Morning Call: pick of the papers

The ten must-read comment pieces from this morning's papers.

1. A short history of austerity: it almost never works (Guardian)

You have to be one of Vince Cable's 'austerity jihadists' to believe you can cut your way out of a slump, writes Aditya Chakrabortty.

2. Labour and the Tories both think they'll lose 2015 and they can't both be right (Independent)

The mood in each camp is downbeat and introspective, but “Sorry we blew it last time" isn't the kind of slogan that wins elections, writes Steve Richards. 

3. Punish them, yes. But jail doesn’t fit this crime (Times) (£)

Huhne and Pryce broke the law, writes Rachel Sylvester. But locking them up in our expensive, overcrowded prisons serves no purpose.

4. Prison is the right place for Chris Huhne and Vicky Pryce (Daily Telegraph)

If they’d got off lightly for swapping penalty points for speeding, how many others would be encouraged to test the legal system, asks Philip Johnston.

5. Prepare for endgame in North Korea (Financial Times)

The US and China should pool ideas on the nuclear threat, says Gideon Rachman.

6. If Cameron wants his troops to rally, he must act like a general (Daily Telegraph)

MPs would fight to the death for victory, but they need the PM in the trenches with them, says Benedict Brogan.

7. A mansion tax can stop this mountain of wealth crushing us (Guardian)

Labour barely breathed on the super-rich when in power, says Polly Toynbee. In backing a mansion tax, they are at last offering an alternative.

8. Time for the media to find a compromise on Leveson recommendations (Independent)

The sluggish progress that has followed the inquiry risks the worst possible outcome, says an Independent editorial.

9. Immigration exposes political weakness (Financial Times)

Conservatives are caught between the right and left, writes Stanley Greenberg.

10. I'm leaving the Liberal Democrats too (Guardian)

The justice and security bill will have a corrosive impact on individual rights, writes Philippe Sands. The party's support for it is a coalition compromise too far.

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The economics of outrage: Why you haven't seen the end of Katie Hopkins

Her distasteful tweet may have cost her a job at LBC, but this isn't the last we've seen of Britain's biggest troll.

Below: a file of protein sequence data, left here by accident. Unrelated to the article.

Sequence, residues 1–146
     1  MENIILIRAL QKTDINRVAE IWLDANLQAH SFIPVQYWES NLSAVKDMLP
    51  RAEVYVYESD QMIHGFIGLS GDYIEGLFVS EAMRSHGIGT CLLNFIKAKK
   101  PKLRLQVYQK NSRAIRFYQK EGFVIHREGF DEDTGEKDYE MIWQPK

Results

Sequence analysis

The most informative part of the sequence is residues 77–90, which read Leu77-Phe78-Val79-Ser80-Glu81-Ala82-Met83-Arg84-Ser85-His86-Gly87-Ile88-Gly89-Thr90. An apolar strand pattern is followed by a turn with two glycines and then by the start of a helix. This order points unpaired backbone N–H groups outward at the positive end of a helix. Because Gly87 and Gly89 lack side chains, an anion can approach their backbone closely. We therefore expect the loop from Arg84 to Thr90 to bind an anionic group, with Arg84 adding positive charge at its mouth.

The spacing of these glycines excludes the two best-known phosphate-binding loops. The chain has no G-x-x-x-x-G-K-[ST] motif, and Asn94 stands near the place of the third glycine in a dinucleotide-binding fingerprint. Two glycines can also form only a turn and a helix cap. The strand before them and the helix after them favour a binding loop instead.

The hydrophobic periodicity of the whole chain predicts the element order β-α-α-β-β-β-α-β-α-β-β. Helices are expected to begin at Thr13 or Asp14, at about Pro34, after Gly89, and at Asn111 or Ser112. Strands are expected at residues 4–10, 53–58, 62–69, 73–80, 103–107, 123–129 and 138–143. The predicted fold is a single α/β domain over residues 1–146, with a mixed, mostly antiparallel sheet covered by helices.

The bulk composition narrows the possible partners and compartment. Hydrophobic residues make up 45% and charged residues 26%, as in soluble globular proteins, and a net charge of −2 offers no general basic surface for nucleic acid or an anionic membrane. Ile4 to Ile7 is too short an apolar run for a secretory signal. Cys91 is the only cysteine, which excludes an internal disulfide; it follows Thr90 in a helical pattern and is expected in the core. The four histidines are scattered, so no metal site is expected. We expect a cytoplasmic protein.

Another atrocity, other surge of grief and fear, and there like clockwork was the UK’s biggest troll. Hours after the explosion at the Manchester Arena that killed 22 mostly young and female concert goers, Katie Hopkins weighed in with a very on-brand tweet calling for a “final solution” to the complex issue of terrorism.

She quickly deleted it, replacing the offending phrase with the words “true solution”, but did not tone down the essentially fascist message. Few thought it had been an innocent mistake on the part of someone unaware of the historical connotations of those two words.  And no matter how many urged their fellow web users not to give Hopkins the attention she craved, it still sparked angry tweets, condemnatory news articles and even reports to the police.

Hopkins has lost her presenting job at LBC radio, but she is yet to lose her column at Mail Online, and it’s quite likely she won’t.

Mail Online and its print counterpart The Daily Mail have regularly shown they are prepared to go down the deliberately divisive path Hopkins was signposting. But even if the site's managing editor Martin Clarke was secretly a liberal sandal-wearer, there are also very good economic reasons for Mail Online to stick with her. The extreme and outrageous is great at gaining attention, and attention is what makes money for Mail Online.

It is ironic that Hopkins’s career was initially helped by TV’s attempts to provide balance. Producers could rely on her to provide a counterweight to even the most committed and rational bleeding-heart liberal.

As Patrick Smith, a former media specialist who is currently a senior reporter at BuzzFeed News points out: “It’s very difficult for producers who are legally bound to be balanced, they will sometimes literally have lawyers in the room.”

“That in a way is why some people who are skirting very close or beyond the bounds of taste and decency get on air.”

But while TV may have made Hopkins, it is online where her extreme views perform best.  As digital publishers have learned, the best way to get the shares, clicks and page views that make them money is to provoke an emotional response. And there are few things as good at provoking an emotional response as extreme and outrageous political views.

And in many ways it doesn’t matter whether that response is negative or positive. Those who complain about what Hopkins says are also the ones who draw attention to it – many will read what she writes in order to know exactly why they should hate her.

Of course using outrageous views as a sales tactic is not confined to the web – The Daily Mail prints columns by Sarah Vine for a reason - but the risks of pushing the boundaries of taste and decency are greater in a linear, analogue world. Cancelling a newspaper subscription or changing radio station is a simpler and often longer-lasting act than pledging to never click on a tempting link on Twitter or Facebook. LBC may have had far more to lose from sticking with Hopkins than Mail Online does, and much less to gain. Someone prepared to say what Hopkins says will not be out of work for long. 

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